Great Britain possesses a wide diversity of landforms

Great Britain, although hardly exceeding 750 miles in latitudinal extent and 375 miles in longitudinal extent, possesses a wide diversity of landforms. In general terms they may be assigned to the operation of the factors of structure, process and time, but it is probably true to say that structure is the dominant one of the three because of the great variety of structure and rock type displayed in Great Britain. Added to this is the fact that Britain as a whole is in a stage of late youthful dissection, if one may use the terms of the Davisian cycle for an area with so complex a recent geological history. At such a stage in the cycle of erosion the effects of structural and lithological variety should be most apparent in the relief. Yet process, too, has played its part: most of the landforms have probably been developed under the so-called normal subaerial cycle of erosion and modified by glaciation, but the nature of the glaciation varies from severe erosion in the highlands through deposition in the lowlands to periglacial activity beyond the margins of the ice-sheets. In some ways glaciation has accentuated differences due to structure and lithology and so increased the basic importance of these two in the relief of Great Britain.

The dominant structural trend in Great Britain is north-east to south-west, a reflexion partly of the fact that the oldest rocks are in the north-west and the youngest in the south-east and partly of the importance of the Caledonian fold-trend in the structure. The Highlands of Scotland, the Southern Uplands, the Lake District and most of Wales show this Caledonian trend, partly in their folding, but often more obviously in their fracturing. Renewal of Caledonian trends during the later Hercynian folding is responsible for structures such as the down-faulted Central Lowlands of Scotland and the Rossendale and Bowland Forests, west of the Pennines. A comparable north-east to south-west graining of the country is shown in the southeastern scarplands, although this is not due to Caledonian folding but to greater uplift of the north-west than of the south-east. Yet there are considerable areas where the trend is different, especially in the whole of southern England, which is dominated by east-west structures and relief, and in the Pennines with their north-south alinement.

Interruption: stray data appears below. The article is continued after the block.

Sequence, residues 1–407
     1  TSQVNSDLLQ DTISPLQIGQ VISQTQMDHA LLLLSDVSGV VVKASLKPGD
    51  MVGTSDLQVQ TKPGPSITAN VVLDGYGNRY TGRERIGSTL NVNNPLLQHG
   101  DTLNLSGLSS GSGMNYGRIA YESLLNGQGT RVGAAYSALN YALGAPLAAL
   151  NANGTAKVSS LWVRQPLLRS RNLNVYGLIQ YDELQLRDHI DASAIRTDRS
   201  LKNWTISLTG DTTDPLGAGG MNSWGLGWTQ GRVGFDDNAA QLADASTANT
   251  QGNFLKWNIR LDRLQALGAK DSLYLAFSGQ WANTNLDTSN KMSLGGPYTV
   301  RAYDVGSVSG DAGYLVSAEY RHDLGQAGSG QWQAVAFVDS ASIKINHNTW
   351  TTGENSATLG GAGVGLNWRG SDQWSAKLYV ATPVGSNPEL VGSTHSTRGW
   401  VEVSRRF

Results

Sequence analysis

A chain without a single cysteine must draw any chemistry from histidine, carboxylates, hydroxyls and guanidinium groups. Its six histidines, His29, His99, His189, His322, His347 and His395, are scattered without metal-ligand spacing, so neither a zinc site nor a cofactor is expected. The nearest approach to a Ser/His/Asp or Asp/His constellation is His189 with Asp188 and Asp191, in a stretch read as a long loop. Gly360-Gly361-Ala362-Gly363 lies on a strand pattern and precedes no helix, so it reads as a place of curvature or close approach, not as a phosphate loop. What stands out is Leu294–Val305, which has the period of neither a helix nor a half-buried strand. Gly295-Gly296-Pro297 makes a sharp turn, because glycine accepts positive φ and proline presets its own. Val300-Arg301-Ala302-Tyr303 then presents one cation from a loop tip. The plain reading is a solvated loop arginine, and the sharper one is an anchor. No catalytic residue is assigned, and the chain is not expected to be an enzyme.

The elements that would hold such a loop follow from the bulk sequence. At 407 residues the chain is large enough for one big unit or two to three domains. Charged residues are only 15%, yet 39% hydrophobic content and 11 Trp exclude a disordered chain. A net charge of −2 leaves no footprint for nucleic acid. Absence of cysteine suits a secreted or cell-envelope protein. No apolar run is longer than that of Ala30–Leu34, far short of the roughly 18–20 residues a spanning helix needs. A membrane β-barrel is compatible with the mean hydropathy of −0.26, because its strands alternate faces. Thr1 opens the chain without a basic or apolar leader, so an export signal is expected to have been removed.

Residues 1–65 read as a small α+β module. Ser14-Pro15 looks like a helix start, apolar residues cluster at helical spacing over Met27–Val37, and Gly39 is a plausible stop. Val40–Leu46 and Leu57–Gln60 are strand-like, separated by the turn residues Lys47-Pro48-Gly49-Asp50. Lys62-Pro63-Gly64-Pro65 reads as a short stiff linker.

Just as Europe may be regarded as a series of structural zones with Alpine structures south of Hercynian structures and both south of the Caledonian regions, so may Britain be considered as a series of structural belts flanking an ancient crystalline nucleus in the far northwest. In the Outer Hebrides and along parts of the north-west coast of Scotland between Skye and Cape Wrath are exposed the oldest rocks in Britain: these are the Lewisian, a series of heavily glaciated metamorphic rocks, mostly coarse gneisses, resembling in structure and relief the Laurentian shield of Canada, to which the area has been likened.

Flanking the Lewisian and generally occupying the next most north-westerly position in Great Britain are the Caledonian mountains: the Highlands and Southern Uplands of Scotland, the Lake District, and Wales north of the Brecon Beacons. The continuity of the zone is broken by the down-faulted Central Lowlands of Scotland, by the Eden valley, and by the Triassic lowland of Cheshire and Lancashire. The mountains resemble each other not only in structure, but also to a great extent in lithology. Within each area lithological diversity is so great as almost to constitute geomorphological homogeneity. The Highlands of Scotland differ from the other areas in being composed almost entirely of crystalline metamorphic rocks, a great series of gneisses, schists, granulites and quartzites included in the Moine and Dalradian series. The rocks are coarse, micaceous and flaggy, shattered by fractures and scored by the Pleistocene glaciations. In the other Caledonian areas the rocks are less altered Lower Palaeozoic sediments and include predominantly shales, slates, mudstones, greywackes, and flags with variety supplied, at least in the Lake District and North Wales, by important accumulations of ancient volcanic rocks. Fracture and glaciation are again prominent, though probably to a lesser degree than in the Highlands of Scotland.

South and east of the Caledonian zone lies the Hercynian zone, involving rocks of Devonian and Carboniferous ages. North of Pembrokeshire, Britain was outside the zone of strong Hercynian folding, which runs east-west across the centre of Europe, and in this region the Hercynian rocks form plateaux, cuestas and lowlands of relatively simple structure and relief. These include the low plateaux of Caithness and the Orkneys, the Pennines, the plain of Hereford and the Black Mountains. But even in this more northern region exception must be made of the down-faulted Central Lowlands of Scotland, where the rocks are shattered by faults and where igneous activity, especially volcanic activity, has been extremely important. In Pembrokeshire and in Devon and Cornwall the rocks have been much more intensely folded and these areas form exceptions to the generalization that the Hercynian areas, unlike the Caledonian areas, are regions where structure and relief seem to be fairly simply related. They are much more like the highly folded Ardennes and Rhine Block to which they are connected beneath the Mesozoic and Tertiary rocks of south-eastern England.

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